Next rim up from DT 5.1, in terms of toughness?- Mtbr.com
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  1. #1
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    Next rim up from DT 5.1, in terms of toughness?

    I currently have two King/5.1 wheelsets, one brand new and one older. I am thinking of re-building the older wheelset with a bit tougher and more stout rim.

    What would be the next step up in rim? Mavic 823? Syncros DS28?

    I am starting to get more into light freeride/drops/etc, and am looking for a rim that's more durable for that riding. Forgot to add I don't need UST, as I run tubes.

    Edit: I also posted this in the Wheels forum, but didn't get much response, so I thought I might get some more hits over here.

  2. #2
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    Mavic 721 is a good choice.

  3. #3
    Err
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    Agree with mtb_biker but would also suggest that you seriously consider switching to UST and using ex823's. Makes for a very nice setup.

  4. #4
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    On suggestion for this very forum (choofoojoo actually) to me asking pretty much that same question, I went with a set of Halo Freedom Rims (built on the Hope Pro II hub). I have NOT been disappointed - they are barely heavier than the 4.1s I moved up from, they are not too wide at 28mm (good for DH...maybe not suitable for the huckers), but tough as nails. I've actually already managed to put a pretty nasty dent in the front one already (but I had to give it my very best though to achieve this... ) - the rim has stayed pretty true and shows no cracks (its still soft enough to give a little despite being really deep in its section). I'd say these babies fit the description of what you are looking for fairly closely.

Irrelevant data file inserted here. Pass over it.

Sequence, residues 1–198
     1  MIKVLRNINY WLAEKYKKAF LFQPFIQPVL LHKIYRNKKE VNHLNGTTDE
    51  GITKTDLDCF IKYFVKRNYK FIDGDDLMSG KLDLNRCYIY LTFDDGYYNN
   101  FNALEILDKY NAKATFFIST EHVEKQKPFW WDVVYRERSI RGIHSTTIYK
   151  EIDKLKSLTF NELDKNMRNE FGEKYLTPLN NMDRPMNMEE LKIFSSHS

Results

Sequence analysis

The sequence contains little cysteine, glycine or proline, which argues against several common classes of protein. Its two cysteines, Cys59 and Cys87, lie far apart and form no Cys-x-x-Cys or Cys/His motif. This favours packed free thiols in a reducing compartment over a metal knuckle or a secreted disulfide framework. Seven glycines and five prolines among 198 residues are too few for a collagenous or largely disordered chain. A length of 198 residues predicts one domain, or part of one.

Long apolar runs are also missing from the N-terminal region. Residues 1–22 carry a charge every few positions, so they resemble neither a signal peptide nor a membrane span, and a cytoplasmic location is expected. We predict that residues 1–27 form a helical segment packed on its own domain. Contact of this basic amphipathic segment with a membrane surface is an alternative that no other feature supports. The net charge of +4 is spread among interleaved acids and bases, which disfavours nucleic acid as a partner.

5. #5
    sixsixtysix
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    I am loving the King/823 setup, nice and light, but burly enough to beat on.

  6. #6
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    not dt 6.1 that's for sure.

    i just got ex729 and very nice they are.

  7. #7
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    Quote Originally Posted by sixsixtysix
    I am loving the King/823 setup, nice and light, but burly enough to beat on.
    Actually the 823s are very heavy... the heaviest rim that mavic makes. His DT 5.1s were 500g, your 823s are 725g..that is a HUGE difference.


    My suggestion would be 721s @ about 590g if you are a tube guy. IF you want to go tubeless, then 823/721 are pretty much a toss up in weight.

  8. #8
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    823's are not 725g they are around 650g plus take into account no tubes.
    You NEVER run a rim without a tyre so work it out, 823's are not a heavy rim in the grand scale of things as you can run them UST and super strong unlike the DT coke can material. Best to check out ur info before you make statements.

    Also 721's are not UST rims, mavic 8xx tubeless - mavic 7xx not tubeless.



    Cheers

    Derek
    Last edited by derekr; 04-11-2008 at 06:18 AM.

  9. #9
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    Quote Originally Posted by derekr
    823's are not 725g they are around 650g plus take into account no tubes.
    You NEVER run a rim without a tyre so work it out, 823's are not a heavy rim in the grand scale of things as you can run them UST and super strong unlike the DT coke can material. Best to check out ur info before you make statements.

    Also 721's are not UST rims, mavic 8xx tubeless - mavic 7xx not tubeless.

    Cheers

    Derek
    as should you the 823 are in the 700+ plus range,did you forget about the nipple's.

    also proper ust tyres are heavy compared to a normal tyre,and thats one of the resons i have never run tubless,there are no weight savings to be had.

    http://www.sicklines.com/gallery/sho...php/photo/6398

    check link provided for proof of 823 weight.

  10. #10
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    Forgive me for asking what may be a ignorant questions, but since I haven't ever run tubeless I am not sure.

    If I had a 823, or other UST rim, can I just throw a UST tire on there and be done with it (along with the valve stem of course)? Or would I still need to put some Stan's goop or something similar in there with it? I was under the impression the "goop" was just for use on non-UST rims and/or tires.

    Is there a "Tubeless for Idiots" book I can buy?

    Thanks for the advice so far though, I do appreciate it.

  11. #11
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    Some people use sealant with UST rims, i've never had a problem running tubeless with no sealant.

  12. #12